Island group (pop., 2005 est.: 2,059,200), eastern Indonesia, lying between Celebes (Sulawesi) and New Guinea. The Moluccas comprise three large islands (Halmahera, Ceram, and Buru) and many smaller ones. Their combined area is about 30,066 sq mi (77,870 sq km). They constitute the Indonesian provinces of Maluku and North Maluku; the provincial capitals are, respectively, Ambon and Ternate. The population is ethnically diverse, including Malays and Papuans and people of Dutch, Portuguese, and Javanese descent. Known as the “Spice Islands,” the Moluccas were part of the Asian spice trade before being discovered by the Portuguese in 1511, and they were fought over by the Spanish, English, and Dutch, eventually coming under the Dutch. Occupied by the Japanese during World War II, the islands were afterward incorporated into the state of East Indonesia and then into the Republic of Indonesia in 1949.
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Spice Islands most commonly refer to the Maluku Islands (formerly the Moluccas), which lie on the equator, between Sulawesi (Celebes) and New Guinea in what is now Indonesia, and often specifically to the small volcanic Banda Islands, once the only source of mace and nutmeg.
The term has also been used less commonly in reference to other islands known for their spice production, notably the Zanzibar Archipelago off East Africa consisting of Unguja, Mafia and Pemba. These islands were formerly the independent state of Zanzibar but now form a semi-autonomous part of Tanzania.
The native Bandanese people traded spices with other Asian nations, such as China, since at least the time of the Roman Empire. With the rise of Islam, the trade became dominated by Muslim traders. One ancient Arabic source appears to know the location of the islands, describing them as fifteen days' sail East from the 'island of Jaba' - presumably Java — but direct evidence of Islam in the archipelago occurs only in the late 1300s, as China's interest in regional maritime dominance waned. With Arabic traders came not just Islam, but a new technique of social organization, the sultanate, which replaced local councils of rich men (orang kaya) on the more important islands, and proved more effective in dealing with outsiders. (See Ternate & Tidore).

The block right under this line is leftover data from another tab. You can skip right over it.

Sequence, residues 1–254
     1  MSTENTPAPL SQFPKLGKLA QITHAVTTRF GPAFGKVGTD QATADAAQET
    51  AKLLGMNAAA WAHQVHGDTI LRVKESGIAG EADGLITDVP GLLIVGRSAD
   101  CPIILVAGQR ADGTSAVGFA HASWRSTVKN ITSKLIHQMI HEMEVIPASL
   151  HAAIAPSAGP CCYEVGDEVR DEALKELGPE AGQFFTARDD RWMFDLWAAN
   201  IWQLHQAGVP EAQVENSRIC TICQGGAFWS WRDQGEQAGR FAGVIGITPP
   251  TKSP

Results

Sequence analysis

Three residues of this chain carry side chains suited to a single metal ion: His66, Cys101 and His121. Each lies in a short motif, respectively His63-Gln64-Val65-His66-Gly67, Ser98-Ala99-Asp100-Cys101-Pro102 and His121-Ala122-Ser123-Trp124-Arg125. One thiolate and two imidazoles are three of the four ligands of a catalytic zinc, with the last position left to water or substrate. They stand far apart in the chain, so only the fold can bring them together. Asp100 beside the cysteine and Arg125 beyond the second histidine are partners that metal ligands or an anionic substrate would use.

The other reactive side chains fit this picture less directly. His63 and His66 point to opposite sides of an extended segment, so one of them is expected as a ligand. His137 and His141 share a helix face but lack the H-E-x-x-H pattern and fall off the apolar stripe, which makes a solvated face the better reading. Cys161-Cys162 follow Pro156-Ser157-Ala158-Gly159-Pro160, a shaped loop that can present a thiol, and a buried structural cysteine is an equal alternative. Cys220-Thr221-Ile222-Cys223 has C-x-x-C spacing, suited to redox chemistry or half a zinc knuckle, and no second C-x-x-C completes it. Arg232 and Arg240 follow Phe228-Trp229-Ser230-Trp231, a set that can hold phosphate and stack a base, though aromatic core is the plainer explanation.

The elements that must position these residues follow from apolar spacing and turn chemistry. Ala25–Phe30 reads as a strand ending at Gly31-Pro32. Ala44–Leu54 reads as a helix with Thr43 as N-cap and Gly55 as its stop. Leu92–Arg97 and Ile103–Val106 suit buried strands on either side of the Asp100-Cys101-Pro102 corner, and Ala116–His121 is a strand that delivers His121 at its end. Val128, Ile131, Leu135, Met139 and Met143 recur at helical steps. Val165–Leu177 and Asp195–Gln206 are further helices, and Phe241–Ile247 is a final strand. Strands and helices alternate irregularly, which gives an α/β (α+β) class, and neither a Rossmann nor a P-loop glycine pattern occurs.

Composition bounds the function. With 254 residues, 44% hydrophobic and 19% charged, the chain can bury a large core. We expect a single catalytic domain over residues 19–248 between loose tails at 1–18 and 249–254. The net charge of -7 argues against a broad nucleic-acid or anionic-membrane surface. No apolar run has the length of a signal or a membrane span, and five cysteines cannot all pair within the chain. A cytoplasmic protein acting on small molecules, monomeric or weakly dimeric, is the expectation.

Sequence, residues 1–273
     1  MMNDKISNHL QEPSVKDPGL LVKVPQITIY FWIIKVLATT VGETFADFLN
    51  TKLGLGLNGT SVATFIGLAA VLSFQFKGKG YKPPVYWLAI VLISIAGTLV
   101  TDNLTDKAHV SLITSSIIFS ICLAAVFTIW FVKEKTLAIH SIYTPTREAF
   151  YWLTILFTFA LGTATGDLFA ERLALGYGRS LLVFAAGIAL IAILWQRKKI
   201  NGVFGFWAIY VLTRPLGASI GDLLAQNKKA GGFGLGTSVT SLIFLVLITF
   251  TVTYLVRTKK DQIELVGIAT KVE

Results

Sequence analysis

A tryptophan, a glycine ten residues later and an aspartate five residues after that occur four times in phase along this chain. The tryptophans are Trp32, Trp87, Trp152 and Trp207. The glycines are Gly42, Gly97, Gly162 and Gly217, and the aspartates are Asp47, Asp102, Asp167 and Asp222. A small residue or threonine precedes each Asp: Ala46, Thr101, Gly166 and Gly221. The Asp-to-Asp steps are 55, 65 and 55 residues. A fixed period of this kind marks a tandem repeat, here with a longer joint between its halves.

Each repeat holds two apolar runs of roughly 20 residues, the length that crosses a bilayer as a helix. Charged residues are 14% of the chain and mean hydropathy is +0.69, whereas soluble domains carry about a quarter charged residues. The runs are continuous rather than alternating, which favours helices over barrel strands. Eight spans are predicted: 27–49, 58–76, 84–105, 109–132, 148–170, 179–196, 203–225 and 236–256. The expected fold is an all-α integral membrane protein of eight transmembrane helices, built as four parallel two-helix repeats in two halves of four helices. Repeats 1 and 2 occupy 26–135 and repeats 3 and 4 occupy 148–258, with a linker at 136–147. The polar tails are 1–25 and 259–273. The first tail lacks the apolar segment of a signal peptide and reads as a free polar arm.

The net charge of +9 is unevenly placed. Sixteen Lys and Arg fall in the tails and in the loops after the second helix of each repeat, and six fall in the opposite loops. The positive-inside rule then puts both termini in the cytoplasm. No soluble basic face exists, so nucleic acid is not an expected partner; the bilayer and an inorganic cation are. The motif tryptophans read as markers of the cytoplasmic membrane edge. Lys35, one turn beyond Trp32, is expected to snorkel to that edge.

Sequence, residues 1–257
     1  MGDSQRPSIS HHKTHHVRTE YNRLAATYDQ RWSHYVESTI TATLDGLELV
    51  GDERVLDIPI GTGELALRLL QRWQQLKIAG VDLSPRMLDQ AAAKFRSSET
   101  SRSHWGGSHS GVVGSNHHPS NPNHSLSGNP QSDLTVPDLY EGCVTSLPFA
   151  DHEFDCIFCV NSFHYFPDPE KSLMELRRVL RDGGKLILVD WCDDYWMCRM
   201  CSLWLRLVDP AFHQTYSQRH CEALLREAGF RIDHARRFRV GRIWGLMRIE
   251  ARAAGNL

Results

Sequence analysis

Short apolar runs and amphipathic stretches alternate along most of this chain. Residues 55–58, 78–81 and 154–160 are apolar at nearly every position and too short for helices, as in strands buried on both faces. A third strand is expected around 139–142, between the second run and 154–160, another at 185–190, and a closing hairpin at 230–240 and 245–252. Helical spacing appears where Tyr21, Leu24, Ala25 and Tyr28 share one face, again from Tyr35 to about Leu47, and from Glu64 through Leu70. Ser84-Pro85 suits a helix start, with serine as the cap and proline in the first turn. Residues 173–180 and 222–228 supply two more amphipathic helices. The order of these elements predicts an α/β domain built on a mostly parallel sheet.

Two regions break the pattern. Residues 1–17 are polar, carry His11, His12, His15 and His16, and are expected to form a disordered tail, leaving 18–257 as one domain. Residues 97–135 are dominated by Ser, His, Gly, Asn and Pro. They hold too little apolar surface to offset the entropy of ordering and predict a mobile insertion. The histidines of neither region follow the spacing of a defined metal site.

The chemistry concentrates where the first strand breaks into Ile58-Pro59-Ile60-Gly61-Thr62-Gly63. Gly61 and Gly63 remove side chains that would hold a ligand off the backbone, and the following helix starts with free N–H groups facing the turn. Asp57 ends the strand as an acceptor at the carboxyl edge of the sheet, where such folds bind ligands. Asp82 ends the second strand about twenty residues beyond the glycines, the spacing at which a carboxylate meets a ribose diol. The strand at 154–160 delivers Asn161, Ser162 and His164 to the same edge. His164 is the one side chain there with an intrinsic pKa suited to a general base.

By trading with Muslim merchants, Venice came to monopolise the spice trade in Europe between 1200 and 1500, through its dominance over Mediterranean seaways to ports such as Alexandria, after traditional overland connections were disrupted by Mongols and Turks. The financial incentive to discover an alternative to Venice's monopoly control of this lucrative business was perhaps the single most important factor precipitating Europe's Age of Exploration. Portugal took an early lead charting the route around the southern tip of Africa, securing various bases en route, even accidentally discovering the coast of Brazil in the search for favourable Southerly currents. Portugal's eventual success and the establishment of its own absolutist monopoly provoked the other maritime powers in Europe—Spain (see Ferdinand Magellan), France, England and the Netherlands—to challenge and overcome the Portuguese position.
Because of the high value that the spices had in Europe and the large incomes that it produced, the Dutch and British were soon involved in conflicts to try to gain a monopoly over the region. The fighting for control over these small islands became very intense with the Dutch even giving the island of Manhattan to the British in exchange for a small island that gave the Dutch full control over the Banda archipelago. The Bandanese people lost the most in the fighting with most of the people being either slaughtered or enslaved by the Dutch. Over 6,000 were killed during the Spice Wars.
The goal of reaching the Spice Islands, eventually to be enveloped by the Dutch East Indies empire, led to the accidental discovery of the West Indies, and lit the fuse of centuries of rivalry between European maritime powers for control of lucrative global markets and resources. The tattered mystique of the Spice Islands finally died when France and Britain successfully smuggled seeds and plants to their own dominions on Mauritius, Grenada and elsewhere, making spices a more commonplace and affordable commodity.